Papaya contains vitamin C, potassium, antioxidants, and fiber, which helps keep your arteries healthy and promotes blood flow. This can also lower cholesterol and reduce your risk for heart disease, high blood pressure, and stroke. (8)
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Plays a Role in Fighting Inflammation
Papaya may also function as a natural painkiller because of the enzyme papain. This enzyme increases the body?s production of cytokines, which are a group of proteins that help regulate inflammation. The fruit may reduce pain caused by arthritis and similar conditions. (10)
May Help Protect the Eyes
Papaya contains a good amount of the nutrients lutein, zeaxanthin, vitamin C, and vitamin E, which can protect the eyes and help prevent eye diseases such as age-related macular degeneration. (10) Lutein and zeaxanthin are two antioxidants used in the eyes. (11)
The high water content of papaya can also help improve digestion by reducing bloating and easing constipation. The fiber in this fruit also encourages regular bowel activity, which may help lower the risk of colon cancer. (10)
Is Papaya a Good Food to Add to Your Diet for Weight Loss?
Thinking about dropping a few pounds? If so, it doesn?t hurt to add papaya to your daily menu.
Papaya is excellent for weight loss because of its low calorie count. Because the fruit is also a good source of fiber, papaya isn?t only physically satisfying ? it?ll also help you stay full longer. As a result, you may end up consuming fewer calories throughout the day.
Fiber in papaya also promotes healthy digestion. With improved digestion, you?ll feel and look less bloated, which can help flatten your stomach. (8,10)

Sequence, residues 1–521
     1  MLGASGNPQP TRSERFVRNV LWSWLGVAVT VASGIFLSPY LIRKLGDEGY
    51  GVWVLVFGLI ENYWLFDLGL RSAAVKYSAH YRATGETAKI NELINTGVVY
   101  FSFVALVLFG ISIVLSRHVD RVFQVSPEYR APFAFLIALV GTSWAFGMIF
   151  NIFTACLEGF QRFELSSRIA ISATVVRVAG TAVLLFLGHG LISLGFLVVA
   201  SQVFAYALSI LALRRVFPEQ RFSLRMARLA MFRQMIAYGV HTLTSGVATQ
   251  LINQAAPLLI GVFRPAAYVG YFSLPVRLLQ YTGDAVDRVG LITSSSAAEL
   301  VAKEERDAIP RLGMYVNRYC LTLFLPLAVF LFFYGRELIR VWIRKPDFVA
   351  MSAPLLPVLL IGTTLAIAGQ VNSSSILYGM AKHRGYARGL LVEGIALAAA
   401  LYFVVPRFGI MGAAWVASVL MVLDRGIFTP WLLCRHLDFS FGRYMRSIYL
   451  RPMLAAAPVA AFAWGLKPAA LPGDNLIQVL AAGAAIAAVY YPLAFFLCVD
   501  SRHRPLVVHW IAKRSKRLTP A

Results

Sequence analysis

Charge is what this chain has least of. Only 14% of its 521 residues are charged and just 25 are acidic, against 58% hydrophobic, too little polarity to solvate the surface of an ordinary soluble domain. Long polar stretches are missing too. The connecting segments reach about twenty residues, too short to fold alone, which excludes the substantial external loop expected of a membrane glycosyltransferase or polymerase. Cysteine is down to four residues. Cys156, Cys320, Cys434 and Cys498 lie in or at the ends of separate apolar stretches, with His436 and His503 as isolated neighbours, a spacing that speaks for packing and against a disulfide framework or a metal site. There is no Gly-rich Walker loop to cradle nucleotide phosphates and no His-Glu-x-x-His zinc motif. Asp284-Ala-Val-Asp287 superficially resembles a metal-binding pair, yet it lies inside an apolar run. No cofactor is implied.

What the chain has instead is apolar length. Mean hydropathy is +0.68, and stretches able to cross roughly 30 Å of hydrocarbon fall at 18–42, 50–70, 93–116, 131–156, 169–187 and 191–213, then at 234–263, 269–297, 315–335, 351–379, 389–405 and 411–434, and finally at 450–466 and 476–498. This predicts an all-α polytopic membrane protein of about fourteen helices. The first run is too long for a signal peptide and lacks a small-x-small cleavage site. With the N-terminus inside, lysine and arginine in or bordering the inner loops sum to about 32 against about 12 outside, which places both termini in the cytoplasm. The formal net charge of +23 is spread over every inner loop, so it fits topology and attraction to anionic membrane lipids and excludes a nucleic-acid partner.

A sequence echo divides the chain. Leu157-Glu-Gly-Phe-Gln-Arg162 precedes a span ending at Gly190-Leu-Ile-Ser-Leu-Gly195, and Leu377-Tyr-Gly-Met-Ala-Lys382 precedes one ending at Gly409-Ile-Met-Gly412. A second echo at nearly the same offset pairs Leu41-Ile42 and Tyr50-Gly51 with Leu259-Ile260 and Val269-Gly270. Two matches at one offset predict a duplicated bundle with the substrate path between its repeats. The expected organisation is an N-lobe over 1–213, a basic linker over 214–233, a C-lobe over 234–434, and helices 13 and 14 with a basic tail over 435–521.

How to Select and Store Papaya for the Best Quality and Taste
Because papaya comes from Hawaii or Mexico, chances are good you?ll be able to find this fruit in a grocery store year-round.
But just because papaya is available 12 months out of the year doesn?t mean that every selection is a perfect one. For the best-tasting papaya, only purchase the fruit when ripe, or hold off eating the fruit until it ripens. (12)
Unripe papaya has a color that?s a mixture of yellow and green. Ripe papaya, on the other hand, is bright yellow and firm (but it can feel soft with gentle pressure). If you?re buying a ripe papaya, avoid fruit that?s overly soft unless you plan to use it in a smoothie or as a puree. (12)
A good papaya also has little or no blemishes. An unripe papaya from the grocery store should ripen in a couple of days. After it?s ripe, store the fruit in the refrigerator to help slow down the ripening process.
If you have leftover papaya, it can be stored in the freezer for up to 10 months. Remove the seeds first and then cut the fruit into small pieces for storage. (12)
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Some Ideas for Preparing and Eating Papaya
One of the easiest ways to enjoy papaya is raw. Wait until the fruit ripens, and then remove the seeds (set them aside if using) and use a spoon or paring knife to scoop out the fruit.
Papaya can be eaten by itself, or added to salads, desserts, and smoothies. Several recipes also call for papaya if you?re looking to get a little creative with this week?s menu.
Here are a few options for preparing papaya:
Green Papaya Salad
Papaya Avocado Salad
Tropical Papaya Smoothie
Black Beans and Rice With Papaya and Red Onions
What Can You Do With Papaya Seeds?
Some people throw away papaya seeds after cutting the fruit. Keep in mind that the seeds are edible, too, so it?s perfectly okay to eat them.
The seeds have a crunchy texture and a slightly peppery flavor, making them the perfect seasoning for many dishes. Simply scoop out the seeds and save them for later.
Upon removing the seeds, use a strainer and rinse them in water. Rub the seeds with your hands to remove any residue, and then place them on a towel or a baking sheet on your kitchen counter to air-dry. You can crush or grind the seeds before adding them to food. (13)